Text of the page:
Saturday, March 25, 2017

Sorbet - Sorbet. Sorbets on French Menus.

Behind the French Menu
Bryan G. Newman
Cranberry Sorbet with Clementines and Mint.

The sorbet in France.

France traditionally served sorbets twice during a meal to stimulate the appetite and clean the palate between courses; the purpose was to prepare the diner for different tastes. Nevertheless, modern French cuisine today often forgoes the sorbet that was usually included in the price; many sorbets have become a dessert or part of a dessert. Those who choose from a dinner menu and include at least the sorbet served before the main course will find the taste of their main course sharpened.  Of course, the serving of a sorbet or two during the meal also allowed the chefs another ten minutes to organize the serving and carefully timed service is a central part of French cuisine; serving all the diners at the same time is essential.

Sorbet is a type of water-ice served frozen. The sorbet will be made from sweetened water with frozen fruit puree or fruit juice and often includes a wine or liqueur. (The addition of alcohol reduces the melting point of ice, changes the taste and in many instances gives the sorbet a more delicate taste. Sorbet is usually considered the ancestor of ice-cream and is often confused with a granité the drink (sometimes called sludge). The general rule that distinguishes sorbet from ice-creams or a granité is that a sorbet never contains milk. N.B. That rule is, unfortunately, already being broken.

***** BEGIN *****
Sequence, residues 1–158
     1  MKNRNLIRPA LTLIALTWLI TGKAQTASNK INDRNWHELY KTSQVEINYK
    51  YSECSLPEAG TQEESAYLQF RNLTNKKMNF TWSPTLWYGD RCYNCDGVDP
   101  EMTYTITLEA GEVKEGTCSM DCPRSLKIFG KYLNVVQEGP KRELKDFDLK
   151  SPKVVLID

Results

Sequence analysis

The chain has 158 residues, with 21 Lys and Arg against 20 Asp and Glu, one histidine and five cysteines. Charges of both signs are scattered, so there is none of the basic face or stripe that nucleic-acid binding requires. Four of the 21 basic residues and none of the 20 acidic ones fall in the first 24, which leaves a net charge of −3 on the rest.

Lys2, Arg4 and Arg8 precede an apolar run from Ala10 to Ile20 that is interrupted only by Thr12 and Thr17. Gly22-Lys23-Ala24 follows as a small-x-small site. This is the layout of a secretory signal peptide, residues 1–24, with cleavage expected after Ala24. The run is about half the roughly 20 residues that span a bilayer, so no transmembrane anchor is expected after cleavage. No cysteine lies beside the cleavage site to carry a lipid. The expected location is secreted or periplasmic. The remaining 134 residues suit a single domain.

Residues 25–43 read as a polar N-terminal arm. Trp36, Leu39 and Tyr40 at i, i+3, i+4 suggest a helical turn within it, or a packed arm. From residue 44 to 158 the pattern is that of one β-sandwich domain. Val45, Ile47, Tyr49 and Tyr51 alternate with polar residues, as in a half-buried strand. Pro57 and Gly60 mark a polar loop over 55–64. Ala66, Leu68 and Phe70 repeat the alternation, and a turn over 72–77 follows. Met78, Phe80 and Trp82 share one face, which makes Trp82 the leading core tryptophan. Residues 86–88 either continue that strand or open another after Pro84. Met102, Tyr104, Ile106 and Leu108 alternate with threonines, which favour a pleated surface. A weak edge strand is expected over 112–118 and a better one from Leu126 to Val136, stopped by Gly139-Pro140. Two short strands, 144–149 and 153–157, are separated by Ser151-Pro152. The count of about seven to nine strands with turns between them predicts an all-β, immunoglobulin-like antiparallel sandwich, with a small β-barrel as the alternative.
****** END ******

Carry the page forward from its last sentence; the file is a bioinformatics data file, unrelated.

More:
A strawberry sorbet with shortcake
and a poppy seed and sugar biscuit.

Sorbets when offered between courses on French menus.
Sorbet au Citron Vert – A lime sorbet

Sorbet aux Poires – A pear sorbet

A sorbet sampler.
Coulis Citron Vert et Sorbet Pamplemousse – A lime puree served with a grapefruit sorbet.

Sorbet au Suc de Fleurs de Pissenlits – A sorbet flavored with the juice of dandelions.

Cointreau and blood orange sorbet
Sorbet Citron Arrosé de Vodka – A lemon sorbet with a vodka accent.
Sorbet Citron et Basilic et Liqueur de Citron – A lemon sorbet flavored with basil, the herb, and enlivened with a touch of a lemon liqueur.

Sorbets as desserts on French menus:

Délice Poires Amandes, Biscuit Épicé et Sorbet Poire – A  délice notes a treat or a delicacy; often the chef’s view of his or her latest creation. Here this treat is made with pears and almonds, spiced biscuits and a pear sorbet.
Gazpacho de Légues et son Sorbet – A vegetable Gazpacho served with a vegetable sorbet. N.B. Légues is shorthand for légumes, vegetables.